Author: Dr Jean-Marc Rickli, Head of Global Risk and Resilience, Geneva Centre for Security Policy
6 Mar 2019
Just before Christmas on December 19, 2018 – one of the busiest times of year for air transportation – Gatwick Airport was forced to close for 36 hours. During this time, more than 1,000 flights were cancelled, affecting in excess of 140,000 passengers. The reason: a drone was flown illegally over the airport’s runways.
Although two individuals were arrested and later released with no charges, at the time of printing, no one has yet been convicted for the crime that is estimated to have cost at least £20m (€23.7m) for the airport and various airlines. In order to prevent a repeat of such a chaotic scenario, Gatwick Airport has spent £5m (€5.7m) on a new anti-drone system.
Traditionally, only nations could wield power internationally; nowadays, with emerging technologies, any one person can potentially have a strategic impact
Little under a month earlier, He Jiankui, a Chinese researcher and entrepreneur involved in two biotech start-ups, posted a video on YouTube claiming that newborn twin girls Lulu and Nana were resistant to HIV. He also claimed to have genetically modified their genes at the embryo stage by deleting the CCR5 gene, which is known to assist in white blood cell function and is key to the development of HIV.
He allegedly used the gene-editing tool CRISPR-Cas9 to achieve the feat. This technique was first harnessed for genome editing in 2013 and offers a relatively quick, easy, reliable and cheap way to target specific genetic sequences. Since then, biohackers have used CRISPR-Cas9 to treat various viruses, such as herpes, or to promote muscle growth outside of any ethical or medical framework.
These two seemingly unconnected incidents demonstrate the possible security implications of emerging technologies, which harbour greater disruptive potential as they become cheaper and more accessible.
Drones have been in development since the 1950s, but they only became commercially available in the early 2010s. Commercial drones can now be found on the internet for a few hundred euros or, with additive manufacturing technology, can be created with 3D printers. Similarly, CRISPR technology was invented in the post-sequencing era of the 2000s.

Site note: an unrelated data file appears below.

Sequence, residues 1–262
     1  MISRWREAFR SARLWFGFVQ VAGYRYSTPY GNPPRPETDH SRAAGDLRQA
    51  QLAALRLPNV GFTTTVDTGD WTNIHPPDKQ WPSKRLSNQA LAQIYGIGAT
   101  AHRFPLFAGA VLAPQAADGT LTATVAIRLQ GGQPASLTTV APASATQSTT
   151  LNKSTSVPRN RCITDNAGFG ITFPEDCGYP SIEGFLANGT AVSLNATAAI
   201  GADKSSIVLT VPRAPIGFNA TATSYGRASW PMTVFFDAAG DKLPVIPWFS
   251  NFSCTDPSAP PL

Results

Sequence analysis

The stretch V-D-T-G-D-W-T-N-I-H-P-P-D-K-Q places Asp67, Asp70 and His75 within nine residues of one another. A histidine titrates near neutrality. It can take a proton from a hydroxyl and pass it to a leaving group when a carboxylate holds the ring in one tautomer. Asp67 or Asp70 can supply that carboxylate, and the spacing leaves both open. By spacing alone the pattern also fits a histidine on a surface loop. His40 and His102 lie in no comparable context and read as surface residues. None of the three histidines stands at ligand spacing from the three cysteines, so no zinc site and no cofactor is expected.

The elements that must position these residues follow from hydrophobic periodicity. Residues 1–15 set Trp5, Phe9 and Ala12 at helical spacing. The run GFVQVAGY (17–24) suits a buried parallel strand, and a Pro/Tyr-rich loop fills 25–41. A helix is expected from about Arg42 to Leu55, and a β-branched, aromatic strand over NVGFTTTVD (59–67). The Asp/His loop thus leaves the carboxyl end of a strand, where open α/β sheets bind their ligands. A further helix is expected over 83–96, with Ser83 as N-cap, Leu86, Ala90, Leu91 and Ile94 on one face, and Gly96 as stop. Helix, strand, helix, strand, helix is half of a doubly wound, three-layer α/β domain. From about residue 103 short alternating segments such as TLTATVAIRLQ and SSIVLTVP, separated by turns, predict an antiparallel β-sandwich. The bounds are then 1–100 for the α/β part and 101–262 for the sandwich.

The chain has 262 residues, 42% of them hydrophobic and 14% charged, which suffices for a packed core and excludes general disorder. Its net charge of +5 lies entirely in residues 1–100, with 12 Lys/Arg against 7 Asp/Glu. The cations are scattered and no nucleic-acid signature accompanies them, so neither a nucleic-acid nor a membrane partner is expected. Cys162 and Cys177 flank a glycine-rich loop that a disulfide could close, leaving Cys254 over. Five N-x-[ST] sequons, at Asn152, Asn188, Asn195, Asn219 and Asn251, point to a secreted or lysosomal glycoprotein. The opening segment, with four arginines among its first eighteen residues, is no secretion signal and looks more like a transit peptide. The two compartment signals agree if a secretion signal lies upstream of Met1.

The first sequencing of a human genome cost $2.7bn (€2.4bn) and took 13 years to complete; today, the process costs around $1,000 (€879) and can be carried out in just 24 hours. One US company has even revealed plans to commercialise a technique that costs $100 (€88) and sequences the human genome in a matter of hours.
One of the key characteristics of emerging technologies is that their growth and reach is exponential. In computer science, for example, Moore’s Law suggests the processing power of computers will double roughly every 18 months. Last year, however, it emerged that the processing power used in the largest artificial intelligence models had doubled every 3.5 months between 2012 and 2018. This represents a more than 300,000-fold increase, far greater than the expected 12-fold increase based on Moore’s Law. The great pace at which these technologies are progressing presents new threats.
Knowledge is power
Exponentiality creates huge challenges for international security. First, it widens the scope of people having access to emerging technologies. Traditionally, only nations could wield power internationally; nowadays, with emerging technologies, any one person can potentially have a strategic impact.
Think of whistleblowers Edward Snowden and Chelsea Manning, who stole volumes of data – ranging from hundreds of thousands of documents to a few million – that no individual could ever have dreamed of until recently. Companies are not immune to such behaviours either. While the scope of potential threats widens to the individual level, exponential growth represents a huge challenge to governance. The human brain is wired to think in linear terms. In the face of exponentiality, however, policies based on linear principles will become increasingly irrelevant as time passes.
Faced with these challenges, anticipation and foresight will be key to any organisation, be it a nation state or a company. As such, we need to shift our education system so as to create not only ‘hyper specialists’, but also polymaths – people who are able to see the big picture and think in strategic terms.
For this revolution to occur, a change of mindset in education will be required – one that will value cross-disciplinary tuition across engineering, humanities and sciences (both hard and social), as well as continued training throughout entire careers.